American Sniper (R) Overrated. Bradley Cooper stars in Clint Eastwood’s biography of Chris Kyle, a sniper who recorded 160 confirmed kills in four tours in Iraq. Cooper is magnificent playing Chris when he gets home and tries to come to terms with his war experience, and everything the movie does to treat PTSD feels honest and true. The same can’t be said for the rest of the movie, which ignores both the context of the Iraq war and the false claims that Kyle made in his autobiography. Instead of addressing these, Eastwood and screenwriter include a lot of low-grade soap opera between Chris and his wife (Sienna Miller). This could have been a great war movie, but it’s undermined by the egregiousness of its omissions. Also with Luke Grimes, Jake McDorman, Kyle Gallner, Keir O’Donnell, and Navid Negahban.
Cinderella (PG) This new Disney live-action telling of the tale is miles better than the 1950 animated movie, but I’m still not sure what it’s for. Director Kenneth Branagh and screenwriter Chris Weitz go straight-up and traditional in detailing how Ella (Lily James) is oppressed by her wicked stepmother (Cate Blanchett) until she snares the heart of a prince (Richard Madden). Everything looks fantastic, especially Sandy Powell’s sumptuous costumes and Dante Ferretti’s production design. Branagh seems comfortable in a story that’s uncharacteristically girly for him, but he misses the more delicate magic — the pumpkin changing into a carriage incites no wonder. The movie isn’t bad, but it doesn’t accomplish anything that many other versions of this story haven’t. Also with Helena Bonham Carter, Stellan Skarsgård, Nonso Anozie, Holliday Grainger, Sophie McShera, Derek Jacobi, Ben Chaplin, and Hayley Atwell.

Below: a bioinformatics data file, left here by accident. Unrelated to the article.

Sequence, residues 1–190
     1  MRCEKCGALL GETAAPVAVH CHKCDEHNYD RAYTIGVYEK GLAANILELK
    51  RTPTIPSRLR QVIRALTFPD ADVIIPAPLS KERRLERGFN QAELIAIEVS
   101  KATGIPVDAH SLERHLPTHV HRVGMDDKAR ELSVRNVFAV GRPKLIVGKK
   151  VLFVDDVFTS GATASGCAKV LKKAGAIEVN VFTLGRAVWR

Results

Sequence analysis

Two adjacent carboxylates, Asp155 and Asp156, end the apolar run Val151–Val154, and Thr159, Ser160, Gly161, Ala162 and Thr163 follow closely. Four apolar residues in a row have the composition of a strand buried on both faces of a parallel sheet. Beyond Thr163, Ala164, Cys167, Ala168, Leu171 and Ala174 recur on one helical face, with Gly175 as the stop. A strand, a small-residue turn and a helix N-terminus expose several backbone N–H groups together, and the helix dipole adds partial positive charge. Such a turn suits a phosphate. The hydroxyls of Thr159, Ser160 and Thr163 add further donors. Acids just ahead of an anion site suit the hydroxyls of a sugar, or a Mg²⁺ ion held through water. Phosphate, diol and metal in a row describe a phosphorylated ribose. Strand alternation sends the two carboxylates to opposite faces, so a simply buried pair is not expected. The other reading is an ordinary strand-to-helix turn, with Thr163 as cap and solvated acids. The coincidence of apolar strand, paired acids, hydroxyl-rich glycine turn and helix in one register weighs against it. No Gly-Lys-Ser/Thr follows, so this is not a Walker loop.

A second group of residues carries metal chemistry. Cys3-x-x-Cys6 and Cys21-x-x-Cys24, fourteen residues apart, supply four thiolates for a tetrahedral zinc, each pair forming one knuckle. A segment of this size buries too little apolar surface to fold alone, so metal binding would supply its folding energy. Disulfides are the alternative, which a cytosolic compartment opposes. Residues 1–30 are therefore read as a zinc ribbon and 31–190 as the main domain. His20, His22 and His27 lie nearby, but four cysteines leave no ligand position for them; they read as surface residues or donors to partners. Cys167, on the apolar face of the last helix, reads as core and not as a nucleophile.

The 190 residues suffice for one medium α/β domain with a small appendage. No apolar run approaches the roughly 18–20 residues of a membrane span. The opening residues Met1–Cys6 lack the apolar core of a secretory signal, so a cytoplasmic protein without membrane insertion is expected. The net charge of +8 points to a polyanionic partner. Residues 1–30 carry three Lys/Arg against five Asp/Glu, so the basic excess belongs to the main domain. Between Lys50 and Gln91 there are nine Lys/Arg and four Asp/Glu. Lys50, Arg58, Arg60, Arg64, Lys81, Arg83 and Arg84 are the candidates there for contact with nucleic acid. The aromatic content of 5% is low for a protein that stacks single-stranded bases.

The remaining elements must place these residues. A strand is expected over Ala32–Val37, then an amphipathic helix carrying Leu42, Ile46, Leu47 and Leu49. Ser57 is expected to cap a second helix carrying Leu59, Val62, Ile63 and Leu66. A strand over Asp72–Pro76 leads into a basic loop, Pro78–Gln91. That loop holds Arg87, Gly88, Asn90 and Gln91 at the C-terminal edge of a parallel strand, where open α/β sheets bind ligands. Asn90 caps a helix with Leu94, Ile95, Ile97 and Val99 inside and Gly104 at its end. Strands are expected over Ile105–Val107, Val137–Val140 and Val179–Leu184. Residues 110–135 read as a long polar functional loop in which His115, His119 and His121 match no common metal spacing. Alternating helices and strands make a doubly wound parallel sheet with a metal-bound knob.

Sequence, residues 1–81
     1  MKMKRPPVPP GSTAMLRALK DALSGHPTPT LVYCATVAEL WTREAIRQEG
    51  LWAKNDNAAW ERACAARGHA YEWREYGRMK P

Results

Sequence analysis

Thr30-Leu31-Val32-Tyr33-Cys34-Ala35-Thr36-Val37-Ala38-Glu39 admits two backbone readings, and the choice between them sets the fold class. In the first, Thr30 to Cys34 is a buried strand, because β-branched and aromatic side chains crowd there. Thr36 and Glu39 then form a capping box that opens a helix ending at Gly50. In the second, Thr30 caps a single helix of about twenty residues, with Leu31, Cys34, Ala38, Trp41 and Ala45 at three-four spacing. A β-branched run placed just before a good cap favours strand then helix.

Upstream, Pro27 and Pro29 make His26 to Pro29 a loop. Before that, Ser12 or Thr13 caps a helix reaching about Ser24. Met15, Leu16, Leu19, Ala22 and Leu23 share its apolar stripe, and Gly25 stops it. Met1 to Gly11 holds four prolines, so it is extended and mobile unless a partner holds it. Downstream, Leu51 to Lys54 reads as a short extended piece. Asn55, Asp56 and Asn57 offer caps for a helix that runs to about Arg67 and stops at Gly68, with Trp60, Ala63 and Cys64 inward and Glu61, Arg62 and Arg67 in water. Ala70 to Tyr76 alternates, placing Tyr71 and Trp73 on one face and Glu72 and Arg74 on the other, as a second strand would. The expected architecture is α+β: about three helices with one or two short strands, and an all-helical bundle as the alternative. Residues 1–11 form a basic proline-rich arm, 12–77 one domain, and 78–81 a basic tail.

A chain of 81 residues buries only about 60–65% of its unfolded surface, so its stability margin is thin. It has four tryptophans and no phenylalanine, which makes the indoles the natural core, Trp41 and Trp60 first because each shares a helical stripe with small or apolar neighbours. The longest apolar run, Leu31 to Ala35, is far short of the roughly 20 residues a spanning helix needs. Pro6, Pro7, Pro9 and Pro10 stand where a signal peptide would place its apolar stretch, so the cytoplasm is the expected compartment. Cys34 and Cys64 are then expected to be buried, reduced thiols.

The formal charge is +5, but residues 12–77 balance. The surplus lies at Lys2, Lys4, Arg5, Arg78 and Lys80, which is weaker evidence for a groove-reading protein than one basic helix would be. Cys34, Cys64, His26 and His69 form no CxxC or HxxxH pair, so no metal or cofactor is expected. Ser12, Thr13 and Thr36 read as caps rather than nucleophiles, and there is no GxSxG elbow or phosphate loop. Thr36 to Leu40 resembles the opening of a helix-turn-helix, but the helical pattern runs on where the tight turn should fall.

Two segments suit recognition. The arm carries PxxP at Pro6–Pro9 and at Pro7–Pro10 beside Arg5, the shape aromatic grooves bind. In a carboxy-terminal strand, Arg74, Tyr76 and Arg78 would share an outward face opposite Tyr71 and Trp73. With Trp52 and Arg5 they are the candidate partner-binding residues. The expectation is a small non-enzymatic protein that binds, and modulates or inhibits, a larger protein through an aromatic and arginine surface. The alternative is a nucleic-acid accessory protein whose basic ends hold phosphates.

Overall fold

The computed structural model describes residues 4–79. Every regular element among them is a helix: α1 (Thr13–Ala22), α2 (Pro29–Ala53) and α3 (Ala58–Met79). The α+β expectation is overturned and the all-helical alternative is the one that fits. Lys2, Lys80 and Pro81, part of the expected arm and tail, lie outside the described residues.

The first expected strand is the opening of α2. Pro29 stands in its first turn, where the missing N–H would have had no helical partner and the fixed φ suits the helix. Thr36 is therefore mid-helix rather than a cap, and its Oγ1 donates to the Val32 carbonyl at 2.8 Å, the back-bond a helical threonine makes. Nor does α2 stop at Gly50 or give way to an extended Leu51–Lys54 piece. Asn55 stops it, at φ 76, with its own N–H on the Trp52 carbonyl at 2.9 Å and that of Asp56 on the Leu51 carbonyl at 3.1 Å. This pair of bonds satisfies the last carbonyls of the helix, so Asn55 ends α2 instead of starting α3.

Danny Collins (R) If you’re going to see only one movie where Al Pacino plays a broken-down, regretful old man, this is probably it. He stars in this comedy as a rock star who’s jolted into re-connecting with his grown son (Bobby Cannavale) after learning that John Lennon once wrote him a handwritten letter in 1971 that he never received. Pacino can’t sing, and the music gives no clue as to the arc of his character’s life, but you can still savor the finely tuned comic playing of a high-powered cast. They turn what could have been a cheap piece of hackwork into a pleasing little trifle. Also with Annette Bening, Jennifer Garner, Josh Peck, Melissa Benoist, Katarina Cas, and Christopher Plummer.
Do You Believe? (PG-13) The sort of movie where an African-American criminal is named Kriminal. That’s an island of hilarity in this drama that’s like a Christian version of Crash and proves to be every bit as tiresome. It tells the story of 12 Chicagoans who are well on their way to burning in hell forever and ever until they accept Jesus as their lord and savior. A good dose of intolerance toward non-Christians and the disastrous casting of Ted McGinley as a pastor will put you off this piece of junk. Also with Mira Sorvino, Sean Astin, Alexa PenaVega, Delroy Lindo, Joseph Julian Soria, Brian Bosworth, Madison Pettis, Arthur Cartwright, Lee Majors, and Cybill Shepherd.
The DUFF (PG-13) This teen comedy barely scrapes by on the charm of Mae Whitman as a high-school senior who vows to upend the social order at her school after discovering that her proximity to hotter friends has earned her a nickname that stands for “Designated Ugly Fat Friend,” even though she’s neither ugly nor fat. The romance between her and a football-playing childhood friend (Robbie Amell) fails to come off because the guy’s too dumb, and while the movie never gathers much momentum, it occasionally comes up with inspiration, like the principal (Romany Malco) who intervenes on our heroine’s behalf and only makes things worse for her. Whitman’s intelligence and some decent support from the adult actors make this watchable. Also with Bella Thorne, Skylar Samuels, Bianca Santos, Nick Eversman, Ken Jeong, and Allison Janney.